Green NGO drives change at grass roots

By Li Jing (China Daily)
Updated: 2010-04-20 07:18
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Green NGO drives change at grass roots

Environmentalist Tian Guirong categorizes used batteries at a warehouse in Xinxiang, Henan province, last week before disposing of them properly. ZHANG TAO / CHINA DAILY

How citizen groups are helping to clean up the countryside. Li Jing reports from Henan.

When Tian Guirong first read Silent Spring, Rachel Carson's seminal 1962 book that is credited with helping to launch the environmental movement, it changed her life.



Amount of water that discharge from one leaking battery can pollute



Amount of waste batteries collected by Xinxiang Environmental Protection Volunteers since the group was founded in 2002



Number of people who are with the volunteers’ NGO. They include farmers, students, and workers. The group started with just 12

She was so inspired by the American naturalist's courage to speak out about the human impact on ecology (Carson was harshly criticized at the time for her claims pesticides caused pollution), she knew she could make a real difference.

"I could not help but cry when I learned the author was fighting breast cancer when she wrote the book," said the 58-year-old businesswoman from Xinxiang, Henan province. "It forced me to ask myself, 'Why don't I do something to help save the environment'?"

In the years following Silent Spring, she has done just that and even founded China's first "green" non-government organization (NGO) run solely by farmers.

Since its establishment in 2002, Xinxiang Environmental Protection Volunteers has collected more than 70 tons of waste batteries, a serious risk to the ecology in the countryside, and led a pollution survey involving farmers across the whole drainage area of the Yellow River.

Although she finished her just studies after completing only primary education, by the late 1990s Tian was a successful battery dealer in Xinxiang, having worked her way up from a saleswoman at a small township company a decade earlier.

It was not until she took a trip to the nation's capital in 1999 did she become aware of the need for greater environmental protection.

"I read in a magazine I picked up in Beijing that the discharge from a leaking battery can pollute up to 600,000 liters of water and, if buried, can sterilize 1 square meter of farmland," said Tian. "I was shocked. I really didn't know the business I was in could be potentially harmful to the environment. After I came back from Beijing, I immediately started to collect all the used batteries at my stall in the department store."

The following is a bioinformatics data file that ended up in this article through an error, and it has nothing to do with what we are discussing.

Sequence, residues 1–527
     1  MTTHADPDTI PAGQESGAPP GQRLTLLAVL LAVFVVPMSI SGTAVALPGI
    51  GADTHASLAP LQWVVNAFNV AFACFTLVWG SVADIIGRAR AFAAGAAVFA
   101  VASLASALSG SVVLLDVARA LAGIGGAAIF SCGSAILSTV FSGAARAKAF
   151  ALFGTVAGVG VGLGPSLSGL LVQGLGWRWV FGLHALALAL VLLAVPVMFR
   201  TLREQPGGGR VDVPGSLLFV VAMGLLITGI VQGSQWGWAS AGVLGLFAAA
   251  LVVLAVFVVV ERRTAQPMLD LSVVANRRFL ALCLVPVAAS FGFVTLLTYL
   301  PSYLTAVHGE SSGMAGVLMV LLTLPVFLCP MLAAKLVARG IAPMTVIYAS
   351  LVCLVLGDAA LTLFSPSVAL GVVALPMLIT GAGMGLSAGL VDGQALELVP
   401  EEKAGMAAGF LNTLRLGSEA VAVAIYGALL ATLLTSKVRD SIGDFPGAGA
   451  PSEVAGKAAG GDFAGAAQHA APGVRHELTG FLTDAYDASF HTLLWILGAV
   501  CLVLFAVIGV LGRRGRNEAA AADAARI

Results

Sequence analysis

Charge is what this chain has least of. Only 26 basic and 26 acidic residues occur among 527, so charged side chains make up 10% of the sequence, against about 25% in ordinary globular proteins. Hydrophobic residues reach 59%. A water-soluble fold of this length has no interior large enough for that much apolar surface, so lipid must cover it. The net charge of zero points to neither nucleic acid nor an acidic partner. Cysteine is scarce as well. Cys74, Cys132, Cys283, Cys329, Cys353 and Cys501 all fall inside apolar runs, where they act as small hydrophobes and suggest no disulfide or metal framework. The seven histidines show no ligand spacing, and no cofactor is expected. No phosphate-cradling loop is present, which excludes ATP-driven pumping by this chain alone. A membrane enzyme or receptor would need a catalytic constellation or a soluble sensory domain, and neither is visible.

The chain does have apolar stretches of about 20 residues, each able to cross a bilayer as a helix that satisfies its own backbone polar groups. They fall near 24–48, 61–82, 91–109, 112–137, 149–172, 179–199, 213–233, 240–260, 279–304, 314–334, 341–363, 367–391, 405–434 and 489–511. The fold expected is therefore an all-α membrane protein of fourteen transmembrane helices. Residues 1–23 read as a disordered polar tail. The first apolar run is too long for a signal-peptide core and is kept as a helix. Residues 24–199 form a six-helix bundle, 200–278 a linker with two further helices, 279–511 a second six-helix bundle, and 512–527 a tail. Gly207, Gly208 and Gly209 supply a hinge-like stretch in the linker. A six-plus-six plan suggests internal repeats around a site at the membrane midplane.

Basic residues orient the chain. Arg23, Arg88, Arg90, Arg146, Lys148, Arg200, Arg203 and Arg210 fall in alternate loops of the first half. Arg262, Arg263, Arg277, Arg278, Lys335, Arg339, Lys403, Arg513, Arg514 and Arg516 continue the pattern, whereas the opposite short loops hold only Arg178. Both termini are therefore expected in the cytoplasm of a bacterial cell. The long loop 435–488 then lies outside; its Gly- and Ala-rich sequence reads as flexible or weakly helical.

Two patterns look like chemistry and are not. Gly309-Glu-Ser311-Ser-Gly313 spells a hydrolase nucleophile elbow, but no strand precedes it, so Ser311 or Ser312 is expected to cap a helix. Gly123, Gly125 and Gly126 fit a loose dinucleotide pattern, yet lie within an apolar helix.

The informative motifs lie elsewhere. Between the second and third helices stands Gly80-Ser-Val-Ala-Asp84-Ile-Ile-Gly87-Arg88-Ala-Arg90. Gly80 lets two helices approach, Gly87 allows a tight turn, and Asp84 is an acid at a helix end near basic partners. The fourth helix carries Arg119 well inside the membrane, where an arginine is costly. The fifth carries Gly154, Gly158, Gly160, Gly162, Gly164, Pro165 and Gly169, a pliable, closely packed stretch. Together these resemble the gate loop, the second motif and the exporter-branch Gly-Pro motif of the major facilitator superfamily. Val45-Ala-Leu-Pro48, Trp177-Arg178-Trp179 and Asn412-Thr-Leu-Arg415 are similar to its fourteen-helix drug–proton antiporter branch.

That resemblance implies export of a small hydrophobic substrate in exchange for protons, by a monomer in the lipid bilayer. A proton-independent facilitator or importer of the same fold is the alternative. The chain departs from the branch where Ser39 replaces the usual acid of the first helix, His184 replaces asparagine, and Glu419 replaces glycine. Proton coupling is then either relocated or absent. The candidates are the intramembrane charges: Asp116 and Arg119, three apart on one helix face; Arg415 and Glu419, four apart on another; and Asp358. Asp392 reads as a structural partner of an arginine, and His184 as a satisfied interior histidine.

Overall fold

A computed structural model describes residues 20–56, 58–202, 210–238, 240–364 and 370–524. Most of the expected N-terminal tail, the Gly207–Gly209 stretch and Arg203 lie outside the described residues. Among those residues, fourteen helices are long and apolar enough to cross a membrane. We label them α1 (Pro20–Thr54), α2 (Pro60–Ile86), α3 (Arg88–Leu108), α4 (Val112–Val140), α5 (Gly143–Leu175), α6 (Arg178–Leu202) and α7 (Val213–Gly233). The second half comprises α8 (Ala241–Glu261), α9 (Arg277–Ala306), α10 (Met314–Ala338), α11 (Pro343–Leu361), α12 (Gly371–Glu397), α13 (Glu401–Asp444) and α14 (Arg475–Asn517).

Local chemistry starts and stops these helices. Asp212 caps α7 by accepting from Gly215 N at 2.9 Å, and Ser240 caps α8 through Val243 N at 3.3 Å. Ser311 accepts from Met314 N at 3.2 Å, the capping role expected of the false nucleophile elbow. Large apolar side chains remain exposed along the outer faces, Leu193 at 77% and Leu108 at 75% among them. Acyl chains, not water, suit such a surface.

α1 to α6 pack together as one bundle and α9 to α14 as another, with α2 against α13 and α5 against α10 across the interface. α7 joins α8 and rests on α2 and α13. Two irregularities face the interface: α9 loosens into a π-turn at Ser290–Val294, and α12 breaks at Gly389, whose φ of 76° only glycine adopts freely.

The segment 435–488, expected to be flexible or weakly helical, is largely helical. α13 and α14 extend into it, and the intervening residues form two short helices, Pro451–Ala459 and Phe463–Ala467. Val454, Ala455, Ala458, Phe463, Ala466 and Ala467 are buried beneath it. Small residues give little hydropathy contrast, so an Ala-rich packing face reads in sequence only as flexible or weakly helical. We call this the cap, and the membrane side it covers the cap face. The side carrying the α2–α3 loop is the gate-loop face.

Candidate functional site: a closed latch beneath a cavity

Green NGO drives change at grass roots


Tian Guirong, left, and a member from the Xinxiang Environmental Protection Volunteers, the NGO she set up in 2002, attempt to get water sample from a drainage outlet of a small pharmacy factory in Loucun, Henan province. ZHANG TAO / CHINA DAILY PHOTOS 


She discovered that getting others as enthusiastic about environmental protection was not so easy, however.

Although the Friends of Nature - China's first environmental NGO - was founded in 1994, understanding on the green issue was still limited among the majority of the Chinese public, and even less so in Xinxiang, a second-tier city in northern Henan.

Much to the confusion of her family, Tian invested her own savings to begin a battery collecting campaign, as well as printed leaflets and organized public activities to spread the environmental message. In 2001, she also launched, a website to gather and disseminate information on green issues.

"I didn't have much education but I tried to improve my knowledge as much as possible. Luckily, the Xinxiang environmental protection bureau offered a lot of help," said the eco-activist. "I began to borrow books from the bureau, including Silent Spring, and I was also the first farmer to ever subscribe to China Environment News, an official publication of the State ministry."

Films also offered more inspiration for Tian, including the Oscar-winning Erin Brockovich, the true-life tale of an unemployed single mother who exposed a series of industrial poisonings in the United States and helped to bring a powerful company to justice.

"Even with Chinese subtitles, I still had to watch the video three times to fully understand it. The story gave me the courage to do something similar," she said.

Targeting polluters

Raised in a village called Fanling, Tian said she has many beautiful memories from her childhood.

"The village is at the foot of Taihang mountain and a tributary of the Yellow River runs through it," she said. "The scenery used to be really good and, some winters, wild geese would stay at a nearby lake."

As more factories moved into the area over the last two decades, the water in the village stream has turned black, while large numbers of villagers now suffer from illnesses caused by pollution, such as cancer, she said.

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